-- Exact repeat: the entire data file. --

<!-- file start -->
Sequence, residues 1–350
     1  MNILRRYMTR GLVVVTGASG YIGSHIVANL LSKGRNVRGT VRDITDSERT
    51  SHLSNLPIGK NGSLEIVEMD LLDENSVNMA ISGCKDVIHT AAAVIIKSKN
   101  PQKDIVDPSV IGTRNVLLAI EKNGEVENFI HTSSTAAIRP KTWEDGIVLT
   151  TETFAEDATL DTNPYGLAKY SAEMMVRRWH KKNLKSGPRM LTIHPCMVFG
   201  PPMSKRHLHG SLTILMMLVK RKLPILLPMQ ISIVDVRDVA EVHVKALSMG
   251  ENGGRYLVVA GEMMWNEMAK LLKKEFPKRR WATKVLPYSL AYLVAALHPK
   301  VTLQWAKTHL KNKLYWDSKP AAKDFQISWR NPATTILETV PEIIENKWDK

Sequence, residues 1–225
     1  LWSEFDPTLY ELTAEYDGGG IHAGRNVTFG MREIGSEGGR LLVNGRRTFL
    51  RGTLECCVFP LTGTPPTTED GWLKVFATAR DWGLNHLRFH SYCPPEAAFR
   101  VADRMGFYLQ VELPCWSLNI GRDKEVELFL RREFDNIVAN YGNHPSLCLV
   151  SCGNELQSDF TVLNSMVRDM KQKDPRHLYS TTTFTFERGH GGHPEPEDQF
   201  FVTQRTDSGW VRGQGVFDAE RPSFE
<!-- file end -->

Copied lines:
Sequence, residues 1–350
     1  MNILRRYMTR GLVVVTGASG YIGSHIVANL LSKGRNVRGT VRDITDSERT
    51  SHLSNLPIGK NGSLEIVEMD LLDENSVNMA ISGCKDVIHT AAAVIIKSKN
   101  PQKDIVDPSV IGTRNVLLAI EKNGEVENFI HTSSTAAIRP KTWEDGIVLT
   151  TETFAEDATL DTNPYGLAKY SAEMMVRRWH KKNLKSGPRM LTIHPCMVFG
   201  PPMSKRHLHG SLTILMMLVK RKLPILLPMQ ISIVDVRDVA EVHVKALSMG
   251  ENGGRYLVVA GEMMWNEMAK LLKKEFPKRR WATKVLPYSL AYLVAALHPK
   301  VTLQWAKTHL KNKLYWDSKP AAKDFQISWR NPATTILETV PEIIENKWDK

Sequence, residues 1–225
     1  LWSEFDPTLY ELTAEYDGGG IHAGRNVTFG MREIGSEGGR LLVNGRRTFL
    51  RGTLECCVFP LTGTPPTTED GWLKVFATAR DWGLNHLRFH SYCPPEAAFR
   101  VADRMGFYLQ VELPCWSLNI GRDKEVELFL RREFDNIVAN YGNHPSLCLV
   151  SCGNELQSDF TVLNSMVRDM KQKDPRHLYS TTTFTFERGH GGHPEPEDQF
   201  FVTQRTDSGW VRGQGVFDAE RPSFE